Ladies and gentlemen, John and Charles (I’m not saying that John is a lady nor Charles is a gentleman), I present to you the knob of the door leading from my dining room to the garage. I have not seen this doorknob since I moved into Nogglestead, three years and four days ago:
Look how shiny it is, unlike the other doorknobs in the house that have been grabbed by a variety of sweaty father mitts and, more importantly, pasta-encased little child mitts.
That’s why it’s so clean and shiny, you see; for the last three years, it’s been protected by a child proofing mechanism, one of those knob covers that spins freely unless you squeeze the tabs on the sides to make contact with the underlying knob.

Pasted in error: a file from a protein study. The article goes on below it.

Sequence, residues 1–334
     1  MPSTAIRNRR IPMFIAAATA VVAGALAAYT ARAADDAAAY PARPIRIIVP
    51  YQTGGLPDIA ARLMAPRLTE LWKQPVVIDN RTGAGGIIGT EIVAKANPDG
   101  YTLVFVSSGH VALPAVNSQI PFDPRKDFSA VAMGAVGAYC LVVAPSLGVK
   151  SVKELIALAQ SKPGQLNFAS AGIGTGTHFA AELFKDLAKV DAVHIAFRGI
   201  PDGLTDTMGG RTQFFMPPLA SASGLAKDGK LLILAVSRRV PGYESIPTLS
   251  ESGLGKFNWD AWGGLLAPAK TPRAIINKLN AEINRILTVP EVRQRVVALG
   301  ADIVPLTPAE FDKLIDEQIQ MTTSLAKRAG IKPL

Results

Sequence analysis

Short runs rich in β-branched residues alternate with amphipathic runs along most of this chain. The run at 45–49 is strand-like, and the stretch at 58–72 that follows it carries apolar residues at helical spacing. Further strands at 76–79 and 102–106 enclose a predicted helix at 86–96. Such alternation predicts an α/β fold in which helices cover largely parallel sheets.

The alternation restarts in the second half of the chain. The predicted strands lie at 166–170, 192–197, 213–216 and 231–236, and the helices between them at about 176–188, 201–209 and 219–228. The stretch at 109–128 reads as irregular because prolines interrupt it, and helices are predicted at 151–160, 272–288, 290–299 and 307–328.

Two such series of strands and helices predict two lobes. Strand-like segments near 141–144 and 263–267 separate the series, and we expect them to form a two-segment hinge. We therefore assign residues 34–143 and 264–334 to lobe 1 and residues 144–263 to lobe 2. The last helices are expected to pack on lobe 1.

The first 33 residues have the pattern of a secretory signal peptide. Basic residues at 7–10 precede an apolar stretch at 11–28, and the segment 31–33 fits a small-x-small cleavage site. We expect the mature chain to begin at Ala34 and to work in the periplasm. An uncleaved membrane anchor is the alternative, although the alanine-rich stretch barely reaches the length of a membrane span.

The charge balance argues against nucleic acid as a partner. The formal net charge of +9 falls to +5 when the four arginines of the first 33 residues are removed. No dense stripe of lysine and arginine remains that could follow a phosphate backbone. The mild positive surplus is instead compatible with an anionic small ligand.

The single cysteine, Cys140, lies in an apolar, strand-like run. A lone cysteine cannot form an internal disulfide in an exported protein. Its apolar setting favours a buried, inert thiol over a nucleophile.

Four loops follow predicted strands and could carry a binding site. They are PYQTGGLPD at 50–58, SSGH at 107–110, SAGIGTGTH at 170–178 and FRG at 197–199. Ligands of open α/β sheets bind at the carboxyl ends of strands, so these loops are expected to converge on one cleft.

But my children are four and six now, and we spent all summer with sliding doors open, and they know to operate those and never showed a tendency to wander out on their own. Additionally, we removed the protection from the knob on the front door earlier this year, as it not only flummoxed our children but also our house guests. The children haven’t shown a tendency to go get the newspaper or go out.
So one aesthetically pleasing step later, and our door knobs are free. But it’s a bit sad to an old sentimentalist like me. Because I recognize that any de-childproofing steps measure a portion of the past, of my life with babies and toddlers, is moving into the past and lost but for my memories. Although the times haven’t always been joyful or easy, it’s only the joy I’ll remember and miss.
Not enough to keep a ceremonial childproofing door knob cover as a personal relic, though.
Also, I give the shine on that door knob eight days, maximum.